Mayor Ed Murray, City Councilmembers Lorena González and Lisa Herbold, today unveiled a framework addressing schedule predictability and flexibility for workers and employers. The secure scheduling proposal calls for better estimates and notification of hours, ensures workers have the right to rest between shifts, ensures workers receive predictability pay for erratic scheduling, and creates guidelines for employers looking to offer additional hours. Seattle becomes the second major U.S. city to take this action to help many low-income workers, women, and people of color.
“Creating equity in Seattle means providing workers with access to a reliable schedule that meets their life and financial needs, while balancing the daily realities facing large employers,” said Mayor Murray. “Secure scheduling can rise to this complex challenge by addressing the persistent uncertainty and inequality most often experienced by workers of color, working parents, and young people in our rapidly growing city. Seattle will once again lead the conversation on how to respond to inequality by proposing new, innovative policy solutions that help workers and employers create healthier and more equitable workplaces.”
Currently, large retail and food service establishments face inconsistent staffing needs on a daily basis, resulting in workers bearing the burden of irregular scheduling practices. A study commissioned by the City of Seattle found that such scheduling practices create serious financial and family hardship for some Seattle workers, disproportionately affect employees of color, and negatively impact parenting and childcare responsibilities. The study also found that 70 percent of Seattle workers have on-call shift responsibilities, with the majority of employees having less than 6 hours’ notice when called into work. These findings are in line with hardships facing workers in national studies.
“As Chair of the Committee overseeing the subject of secure scheduling, I’ve made efforts to incorporate feedback from many with an expressed interest in this policy,” said Councilmember Lisa Herbold. “We’ve gone to great lengths to consult the experts, spent countless hours meeting with business owners and workers, commissioned our own study which confirmed findings from nationally recognized academics, as well as reviewed one conducted by the restaurant industry, and heard numerous first-hand accounts of the people who stand to benefit from the implementation. No one perspective, report, or testimonial led to this bill. I am especially grateful for the feedback which helped to inform our work. Seattle’s economy depends on business success, and business success depends on worker success. Together, I hope we can reach agreement that will make everyone successful, business and worker alike. We’ll host a public hearing on August 16 at 6:00 p.m., and aim for final passage mid-September.”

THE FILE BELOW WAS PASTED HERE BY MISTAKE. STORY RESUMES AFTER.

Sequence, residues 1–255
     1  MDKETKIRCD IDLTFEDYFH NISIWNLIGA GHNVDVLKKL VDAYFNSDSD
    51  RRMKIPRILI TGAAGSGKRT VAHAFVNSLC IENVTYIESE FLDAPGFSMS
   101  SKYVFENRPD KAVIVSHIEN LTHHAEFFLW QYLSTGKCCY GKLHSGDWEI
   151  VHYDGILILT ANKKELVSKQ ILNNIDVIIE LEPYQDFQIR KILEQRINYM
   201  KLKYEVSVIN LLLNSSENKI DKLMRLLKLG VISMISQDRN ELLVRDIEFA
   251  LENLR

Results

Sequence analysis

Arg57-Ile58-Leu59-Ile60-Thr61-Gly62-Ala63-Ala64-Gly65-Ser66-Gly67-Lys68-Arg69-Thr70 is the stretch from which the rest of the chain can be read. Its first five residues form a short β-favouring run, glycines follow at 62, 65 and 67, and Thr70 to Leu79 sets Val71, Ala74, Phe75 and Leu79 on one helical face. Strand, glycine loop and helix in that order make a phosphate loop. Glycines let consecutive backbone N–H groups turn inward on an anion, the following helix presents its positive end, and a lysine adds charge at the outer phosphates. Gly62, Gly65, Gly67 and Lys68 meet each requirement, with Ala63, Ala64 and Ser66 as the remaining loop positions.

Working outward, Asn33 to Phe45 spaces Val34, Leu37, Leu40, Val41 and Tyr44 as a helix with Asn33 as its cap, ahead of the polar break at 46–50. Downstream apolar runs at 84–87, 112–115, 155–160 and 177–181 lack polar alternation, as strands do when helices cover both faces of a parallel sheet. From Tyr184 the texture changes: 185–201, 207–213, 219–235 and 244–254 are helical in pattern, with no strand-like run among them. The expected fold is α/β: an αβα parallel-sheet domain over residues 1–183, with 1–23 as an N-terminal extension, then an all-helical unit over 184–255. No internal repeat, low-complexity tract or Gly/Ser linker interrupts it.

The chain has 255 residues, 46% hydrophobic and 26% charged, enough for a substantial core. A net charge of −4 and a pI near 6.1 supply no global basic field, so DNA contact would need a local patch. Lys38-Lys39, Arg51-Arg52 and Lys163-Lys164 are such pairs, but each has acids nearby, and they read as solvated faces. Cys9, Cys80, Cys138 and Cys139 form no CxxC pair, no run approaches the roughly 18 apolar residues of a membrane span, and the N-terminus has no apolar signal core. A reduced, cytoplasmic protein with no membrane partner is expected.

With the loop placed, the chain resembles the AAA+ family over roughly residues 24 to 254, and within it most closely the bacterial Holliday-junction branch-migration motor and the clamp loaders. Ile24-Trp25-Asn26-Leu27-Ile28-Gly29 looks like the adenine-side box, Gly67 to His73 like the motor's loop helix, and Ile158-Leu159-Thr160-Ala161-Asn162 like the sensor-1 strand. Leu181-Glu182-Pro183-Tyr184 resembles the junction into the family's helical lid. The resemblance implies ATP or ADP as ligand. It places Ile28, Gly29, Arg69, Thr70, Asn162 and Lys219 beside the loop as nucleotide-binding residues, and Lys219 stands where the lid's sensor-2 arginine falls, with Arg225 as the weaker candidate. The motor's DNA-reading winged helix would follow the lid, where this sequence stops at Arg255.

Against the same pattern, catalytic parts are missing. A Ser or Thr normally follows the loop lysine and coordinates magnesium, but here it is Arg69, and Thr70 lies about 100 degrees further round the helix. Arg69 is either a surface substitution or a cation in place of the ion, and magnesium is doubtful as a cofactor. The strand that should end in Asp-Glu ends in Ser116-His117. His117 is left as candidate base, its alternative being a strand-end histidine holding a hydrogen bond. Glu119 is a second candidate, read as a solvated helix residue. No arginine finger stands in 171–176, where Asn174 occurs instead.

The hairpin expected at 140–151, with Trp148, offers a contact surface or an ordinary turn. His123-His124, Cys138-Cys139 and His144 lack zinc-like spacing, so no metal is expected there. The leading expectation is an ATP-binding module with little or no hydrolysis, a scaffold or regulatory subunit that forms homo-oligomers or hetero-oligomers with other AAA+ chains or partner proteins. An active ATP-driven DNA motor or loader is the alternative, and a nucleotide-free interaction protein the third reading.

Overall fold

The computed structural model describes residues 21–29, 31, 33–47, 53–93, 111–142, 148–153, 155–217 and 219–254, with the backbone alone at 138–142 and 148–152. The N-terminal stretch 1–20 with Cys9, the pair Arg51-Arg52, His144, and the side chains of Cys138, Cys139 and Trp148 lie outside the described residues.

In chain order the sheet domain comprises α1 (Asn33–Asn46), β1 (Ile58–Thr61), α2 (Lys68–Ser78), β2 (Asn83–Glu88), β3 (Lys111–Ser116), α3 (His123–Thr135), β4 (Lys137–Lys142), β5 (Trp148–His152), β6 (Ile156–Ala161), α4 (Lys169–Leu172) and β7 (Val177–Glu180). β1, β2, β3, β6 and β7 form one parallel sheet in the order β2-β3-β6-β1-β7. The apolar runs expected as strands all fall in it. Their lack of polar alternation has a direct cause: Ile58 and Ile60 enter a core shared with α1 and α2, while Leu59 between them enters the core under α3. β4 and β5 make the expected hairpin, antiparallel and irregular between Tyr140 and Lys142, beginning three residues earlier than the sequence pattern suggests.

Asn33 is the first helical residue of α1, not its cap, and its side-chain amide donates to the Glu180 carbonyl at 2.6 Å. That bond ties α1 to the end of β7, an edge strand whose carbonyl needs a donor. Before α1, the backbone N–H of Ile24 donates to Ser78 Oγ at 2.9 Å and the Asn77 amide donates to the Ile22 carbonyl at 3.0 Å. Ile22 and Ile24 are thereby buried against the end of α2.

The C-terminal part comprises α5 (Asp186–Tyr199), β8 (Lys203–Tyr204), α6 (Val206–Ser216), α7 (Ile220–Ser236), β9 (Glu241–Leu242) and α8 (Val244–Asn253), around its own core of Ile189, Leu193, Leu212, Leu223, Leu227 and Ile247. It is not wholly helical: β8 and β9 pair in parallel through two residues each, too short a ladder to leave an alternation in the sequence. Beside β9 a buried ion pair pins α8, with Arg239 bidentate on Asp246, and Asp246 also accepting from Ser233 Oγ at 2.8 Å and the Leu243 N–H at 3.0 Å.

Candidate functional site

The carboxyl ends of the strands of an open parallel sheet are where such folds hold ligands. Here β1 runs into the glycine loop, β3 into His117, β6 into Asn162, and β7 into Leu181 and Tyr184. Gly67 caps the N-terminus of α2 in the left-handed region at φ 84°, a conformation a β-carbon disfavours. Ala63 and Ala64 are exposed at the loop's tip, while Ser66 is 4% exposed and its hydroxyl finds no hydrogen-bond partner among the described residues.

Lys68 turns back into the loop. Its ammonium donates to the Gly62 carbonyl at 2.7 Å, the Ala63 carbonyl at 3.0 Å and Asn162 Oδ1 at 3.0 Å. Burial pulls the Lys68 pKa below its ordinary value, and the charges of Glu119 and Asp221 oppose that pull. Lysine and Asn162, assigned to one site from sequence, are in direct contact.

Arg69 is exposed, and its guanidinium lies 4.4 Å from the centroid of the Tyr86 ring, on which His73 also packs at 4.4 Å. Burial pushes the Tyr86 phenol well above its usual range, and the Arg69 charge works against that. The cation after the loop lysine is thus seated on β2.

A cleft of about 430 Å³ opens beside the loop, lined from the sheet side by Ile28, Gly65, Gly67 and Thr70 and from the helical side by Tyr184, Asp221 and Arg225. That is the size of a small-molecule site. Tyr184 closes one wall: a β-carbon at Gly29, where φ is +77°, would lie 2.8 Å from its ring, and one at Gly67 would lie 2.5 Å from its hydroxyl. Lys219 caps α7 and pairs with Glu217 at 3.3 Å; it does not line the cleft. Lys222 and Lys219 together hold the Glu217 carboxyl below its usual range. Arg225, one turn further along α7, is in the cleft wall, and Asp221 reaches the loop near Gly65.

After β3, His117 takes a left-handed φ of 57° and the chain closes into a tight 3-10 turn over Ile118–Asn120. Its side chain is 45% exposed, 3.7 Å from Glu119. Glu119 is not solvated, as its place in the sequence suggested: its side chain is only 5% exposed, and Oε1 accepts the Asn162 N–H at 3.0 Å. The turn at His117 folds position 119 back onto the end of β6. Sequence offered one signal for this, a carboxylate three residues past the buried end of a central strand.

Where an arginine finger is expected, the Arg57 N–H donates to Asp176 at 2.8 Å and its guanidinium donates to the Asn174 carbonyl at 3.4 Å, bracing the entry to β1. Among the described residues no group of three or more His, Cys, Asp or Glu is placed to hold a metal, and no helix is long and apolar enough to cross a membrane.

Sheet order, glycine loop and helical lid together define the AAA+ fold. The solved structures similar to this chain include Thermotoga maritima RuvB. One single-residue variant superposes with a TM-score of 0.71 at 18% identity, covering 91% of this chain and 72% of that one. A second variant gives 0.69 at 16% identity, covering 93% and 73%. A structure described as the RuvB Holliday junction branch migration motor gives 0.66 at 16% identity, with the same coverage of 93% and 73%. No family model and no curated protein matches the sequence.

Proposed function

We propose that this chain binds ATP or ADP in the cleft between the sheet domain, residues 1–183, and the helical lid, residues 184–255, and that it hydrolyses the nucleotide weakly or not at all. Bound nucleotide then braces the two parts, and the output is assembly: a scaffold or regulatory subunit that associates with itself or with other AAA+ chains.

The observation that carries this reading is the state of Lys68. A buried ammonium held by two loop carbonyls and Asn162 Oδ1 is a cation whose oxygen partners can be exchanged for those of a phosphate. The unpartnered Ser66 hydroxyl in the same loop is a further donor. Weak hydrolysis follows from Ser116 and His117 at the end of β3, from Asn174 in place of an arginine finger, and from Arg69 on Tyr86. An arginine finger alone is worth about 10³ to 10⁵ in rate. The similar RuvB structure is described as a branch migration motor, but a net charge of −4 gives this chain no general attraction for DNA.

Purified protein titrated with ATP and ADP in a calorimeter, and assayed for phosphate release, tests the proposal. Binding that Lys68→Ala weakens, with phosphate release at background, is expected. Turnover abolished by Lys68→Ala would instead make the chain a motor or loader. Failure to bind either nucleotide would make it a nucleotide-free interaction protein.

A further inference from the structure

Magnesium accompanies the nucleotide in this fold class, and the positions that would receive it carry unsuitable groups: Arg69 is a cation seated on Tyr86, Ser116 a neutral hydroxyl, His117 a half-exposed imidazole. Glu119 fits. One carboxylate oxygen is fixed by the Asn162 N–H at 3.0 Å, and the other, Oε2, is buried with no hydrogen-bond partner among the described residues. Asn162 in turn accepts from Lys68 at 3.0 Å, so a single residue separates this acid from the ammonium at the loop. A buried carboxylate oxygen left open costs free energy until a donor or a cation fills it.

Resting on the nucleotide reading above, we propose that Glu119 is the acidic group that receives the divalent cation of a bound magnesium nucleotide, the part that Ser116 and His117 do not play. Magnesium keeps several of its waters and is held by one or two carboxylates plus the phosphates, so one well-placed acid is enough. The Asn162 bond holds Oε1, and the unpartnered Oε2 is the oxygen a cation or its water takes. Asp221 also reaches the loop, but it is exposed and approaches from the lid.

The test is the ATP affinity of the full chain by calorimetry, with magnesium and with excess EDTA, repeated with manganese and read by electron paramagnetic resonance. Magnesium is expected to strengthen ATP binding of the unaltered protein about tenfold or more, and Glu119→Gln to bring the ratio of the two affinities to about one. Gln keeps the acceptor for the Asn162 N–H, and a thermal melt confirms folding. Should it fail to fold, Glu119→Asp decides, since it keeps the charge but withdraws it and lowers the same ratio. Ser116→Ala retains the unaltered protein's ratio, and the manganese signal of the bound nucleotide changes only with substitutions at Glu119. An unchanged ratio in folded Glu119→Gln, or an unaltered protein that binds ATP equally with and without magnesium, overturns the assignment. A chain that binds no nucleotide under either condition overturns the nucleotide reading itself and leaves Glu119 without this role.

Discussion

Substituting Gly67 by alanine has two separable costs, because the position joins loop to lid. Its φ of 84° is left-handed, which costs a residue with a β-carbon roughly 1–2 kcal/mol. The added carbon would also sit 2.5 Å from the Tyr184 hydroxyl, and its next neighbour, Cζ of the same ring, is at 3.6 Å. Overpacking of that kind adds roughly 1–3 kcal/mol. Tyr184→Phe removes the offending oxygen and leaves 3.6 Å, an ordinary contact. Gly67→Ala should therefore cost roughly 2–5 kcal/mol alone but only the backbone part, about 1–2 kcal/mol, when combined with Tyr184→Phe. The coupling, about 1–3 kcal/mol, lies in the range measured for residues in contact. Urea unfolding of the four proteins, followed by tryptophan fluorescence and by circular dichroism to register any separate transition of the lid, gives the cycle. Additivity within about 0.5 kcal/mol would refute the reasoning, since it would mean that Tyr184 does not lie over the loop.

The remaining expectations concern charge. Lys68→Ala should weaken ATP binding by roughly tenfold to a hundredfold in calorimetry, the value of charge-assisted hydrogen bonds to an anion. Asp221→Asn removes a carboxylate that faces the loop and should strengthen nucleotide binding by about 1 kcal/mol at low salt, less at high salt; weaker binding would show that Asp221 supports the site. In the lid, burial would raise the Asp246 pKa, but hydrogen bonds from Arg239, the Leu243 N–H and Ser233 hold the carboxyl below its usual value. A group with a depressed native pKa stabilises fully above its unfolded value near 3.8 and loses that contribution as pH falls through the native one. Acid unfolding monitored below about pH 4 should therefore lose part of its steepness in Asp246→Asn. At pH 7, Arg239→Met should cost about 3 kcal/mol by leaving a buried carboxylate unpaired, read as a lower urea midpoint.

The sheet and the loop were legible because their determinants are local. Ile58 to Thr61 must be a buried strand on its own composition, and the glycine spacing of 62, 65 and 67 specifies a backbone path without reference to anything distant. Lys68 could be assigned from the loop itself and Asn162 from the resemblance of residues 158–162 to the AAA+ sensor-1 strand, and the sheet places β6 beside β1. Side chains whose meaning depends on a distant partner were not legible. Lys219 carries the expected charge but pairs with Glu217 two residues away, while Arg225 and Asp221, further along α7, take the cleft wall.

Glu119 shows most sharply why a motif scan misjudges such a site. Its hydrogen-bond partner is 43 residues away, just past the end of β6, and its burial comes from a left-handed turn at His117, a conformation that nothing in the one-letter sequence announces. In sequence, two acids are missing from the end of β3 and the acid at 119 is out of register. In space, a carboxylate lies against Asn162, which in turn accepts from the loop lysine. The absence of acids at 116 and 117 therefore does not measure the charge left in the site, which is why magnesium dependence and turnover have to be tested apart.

“This ordinance isn’t just about knowing when to clock in. It’s about ensuring that we are taking concrete steps to combat income inequality,” said Councilmember Lorena González. “When almost one in three workers say they aren’t getting the hours they need to make rent or pay for childcare, we have a real problem. This bill provides a solution to that real problem. I am proud that we as a City are standing up once again for the cities hourly workers, who we know are primarily women and people of color.”
Beginning in March of this year, City policymakers conducted extensive outreach in the business and labor community to gather information on best practices, challenges, and scheduling needs of both workers and employers. City staff led roundtables with business and labor leaders, visited workplaces, and separately met with business owners, scheduling managers and individual workers to better understand how schedules are created and the impact unpredictable scheduling has on workers’ lives.
The proposal announced today extends to retail and quick or limited food service establishments with more than 500 employees worldwide, and full service restaurants with more than 500 employees and 40 full-service restaurant locations worldwide. Among key provisions of the proposal:
- Two weeks advance notice of work schedule to employees with non-voluntary additions or subtractions to schedules requiring predictability pay
- Good faith estimate of workers’ hours provided upon hire
- Right to rest measure, ensuring at least 10 hours between closing and opening shifts (addressing so-called “clopenings”)
- Access to hours measure, requiring that employers give notice to current employees of new, additional hours available before hiring additional staff
- On-call protections measure, whereby employees will receive half-time pay for any shift they are on-call and do not get called into work
The proposal will be considered by the Civil Rights, Utilities, Economic Development and Arts committee. The proposal will then go before a full Council vote later this month. Full text of the draft proposal can be found here, along with a detailed summary here.